So when the jets go “zoom,” the fireworks go “pop” or you have to take your pet to the vet or groomer, think about helping the little critters chill out using cannabis. Anytime I can use a natural product and not a chemical from a lab to help them out weighs well on my soul. We love them, they give us so much love and companionship in return, so let’s all get high and chill together.

Now it’s time to light up!

The sheer audacity of ‘Angels in America’

Francesca Faridany (The Angel) and Randy Harrison (Prior Walter) in Berkeley Repertory Theatre’s production of 'Angels in America, Part Two: Perestroika.' Photo by Kevin Berne

ONSTAGE “Why is Angels in America still the most prominent story being told about AIDS?” asked a wonderfully provocative essay about the epic early ’90s play by Tony Kushner, as a critically lauded revival was being mounted on Broadway—and one was preparing to launch here, at the Berkeley Rep (through July 22).  

The essay delves into the racial politics—or rather lack of them—when it comes to the play’s two black characters, nurse Belize and Mr. Lies, and also lays out the number of good plays addressing AIDS that haven’t been similarly burned into our consciousness (unlike movies, which have given us constant community conversation fodder from the sappy Philadelphia to last year’s sublime BPM).  

I couldn’t help think about that essay as I strapped myself in at the Rep for the seven-and-a-half hour marathon of the play’s two parts: “Millennium Approaches” and “Perestroika.” (The length is really just a blip in our binge-watching era.) Despite its New York City setting and famous inaugural Broadway run in 1993, much of Angels was written just north of San Francisco, in the gay vacation stronghold of the Russian River area, and was commissioned by SF’s Eureka Theatre co-artistic directors Oskar Eustis and Tony Taccone. It played here for a trial run, after debuting in LA and before moving on to Broadway. 

Benjamin T. Ismail (Louis Ironson) and Randy Harrison (Prior Walter) in Berkeley Repertory Theatre’s production of ‘Angels in America, Part One: Millennium Approaches.’ Photo by Kevin Berne

Taccone is directing this revival, and the play itself turns out to be a love letter to the beauty and ideal of San Francisco, which stands in for heaven (although full of apocalyptic inequality, prophetically enough). So this return of Angels seems like a reckoning on home turf: How much relevance does this 25-year-old “Gay Fantasia on National Themes,” as the subtitle puts it, hold in an age when diversity, intersectionality, and social realism, at least thematically, are prized?  

Well, for one, holy hell: The political issues of the 1980s that envelope the characters in this brilliant production, from religious bigotry and conservative bullying to overmedication for mental illness and, yes, racial condescension, are just as pertinent and searing today—right down to the inclusion as a major player of Roy Cohn, aka Donald Trump’s lawyer-mentor (fiercely played here by Stephen Spinella, who originally played main character Prior Walter in the play’s Broadway debut). If anything the play is less a time capsule than a ripped-from-the-headlines episode of America: SVU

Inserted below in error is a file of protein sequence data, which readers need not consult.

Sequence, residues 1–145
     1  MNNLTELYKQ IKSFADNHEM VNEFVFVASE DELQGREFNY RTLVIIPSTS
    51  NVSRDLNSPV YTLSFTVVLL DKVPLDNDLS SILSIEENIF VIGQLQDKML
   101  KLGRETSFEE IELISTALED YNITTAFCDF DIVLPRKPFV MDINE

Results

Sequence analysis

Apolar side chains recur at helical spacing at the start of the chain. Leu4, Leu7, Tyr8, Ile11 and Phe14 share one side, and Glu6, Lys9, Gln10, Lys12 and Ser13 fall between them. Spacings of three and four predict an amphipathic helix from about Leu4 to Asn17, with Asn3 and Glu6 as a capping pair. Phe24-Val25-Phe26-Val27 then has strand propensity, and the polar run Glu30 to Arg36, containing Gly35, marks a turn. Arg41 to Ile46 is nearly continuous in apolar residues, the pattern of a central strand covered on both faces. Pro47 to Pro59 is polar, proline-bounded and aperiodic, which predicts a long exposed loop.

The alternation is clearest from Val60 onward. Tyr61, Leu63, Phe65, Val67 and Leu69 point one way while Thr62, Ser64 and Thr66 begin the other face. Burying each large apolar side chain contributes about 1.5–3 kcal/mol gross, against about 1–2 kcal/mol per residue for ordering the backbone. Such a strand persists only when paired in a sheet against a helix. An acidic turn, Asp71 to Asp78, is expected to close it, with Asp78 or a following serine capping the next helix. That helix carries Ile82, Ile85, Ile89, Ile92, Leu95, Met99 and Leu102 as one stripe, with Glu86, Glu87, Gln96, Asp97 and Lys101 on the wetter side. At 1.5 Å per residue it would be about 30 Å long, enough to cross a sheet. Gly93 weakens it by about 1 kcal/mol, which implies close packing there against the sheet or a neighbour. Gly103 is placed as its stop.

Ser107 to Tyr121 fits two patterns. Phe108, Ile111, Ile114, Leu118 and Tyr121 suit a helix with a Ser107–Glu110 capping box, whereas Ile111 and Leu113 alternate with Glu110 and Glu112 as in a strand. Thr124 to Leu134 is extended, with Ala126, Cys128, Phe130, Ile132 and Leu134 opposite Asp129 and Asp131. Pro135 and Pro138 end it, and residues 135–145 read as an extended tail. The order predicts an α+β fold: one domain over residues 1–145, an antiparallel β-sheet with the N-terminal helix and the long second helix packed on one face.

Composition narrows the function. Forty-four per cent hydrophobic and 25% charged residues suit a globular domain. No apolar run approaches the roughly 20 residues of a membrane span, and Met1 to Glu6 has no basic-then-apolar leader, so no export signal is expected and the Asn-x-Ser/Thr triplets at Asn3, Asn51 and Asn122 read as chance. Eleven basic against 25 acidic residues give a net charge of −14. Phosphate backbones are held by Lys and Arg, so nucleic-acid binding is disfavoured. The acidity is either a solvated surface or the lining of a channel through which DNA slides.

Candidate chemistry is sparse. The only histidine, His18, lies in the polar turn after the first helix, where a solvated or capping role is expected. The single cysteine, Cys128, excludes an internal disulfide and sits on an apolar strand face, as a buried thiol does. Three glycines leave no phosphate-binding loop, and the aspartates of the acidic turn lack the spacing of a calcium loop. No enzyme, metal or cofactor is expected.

Aided by Taccone’s breathless yet sensitive direction, the heroic cast of eight turns this sprawling work—which follows a handful of human characters plus one particular angel through the cruisey bushes of Central Park and gilded offices of Washington to the North/South Pole and the afterlife itself—into a enthralling ensemble piece that whisks by, aided by an eye-popping, no-expenses-spared production utilizing moving platforms and lovely digital flourishes. (It also remains resolutely clunky when the script calls for it: Kushner’s divine machinations are rooted both in vaudevillian charm and doubts about technology. There’s good reason the angel struggles hilariously with her onstage flying contraption.)

Along the way, we plumb the depths of human betrayal and heights of ecstatic deception: a hyper-sensitive gay Jewish intellectual, Louis (Benjamin T. Ismael, nailing the type) leaves his HIV-positive lover, the Mayflower-descended visionary Prior Walter (a touching Randy Harrison) when he gets sick. Meanwhile, a Mormon housewife, Harper (Amaty Pitt, vibrant), is over-medicating herself in an attempt to overlook vital truths about her career-climbing husband (Danny Binstock, hunky). Slithery Reagan operative Roy Cohn, desperately hiding his AIDS diagnosis from the world, starts seeing the ghost of Ethel Rosenberg, who he helped electrocute for treason decades ago—but don’t think that means a change of monstrous heart is in order. 

Caldwell Tidicue (Mr. Lies) and Bethany Jillard (Harper Pitt) in Berkeley Repertory Theatre’s production of ‘Angels in America, Part One: Millennium Approaches.’ Photo by Kevin Berne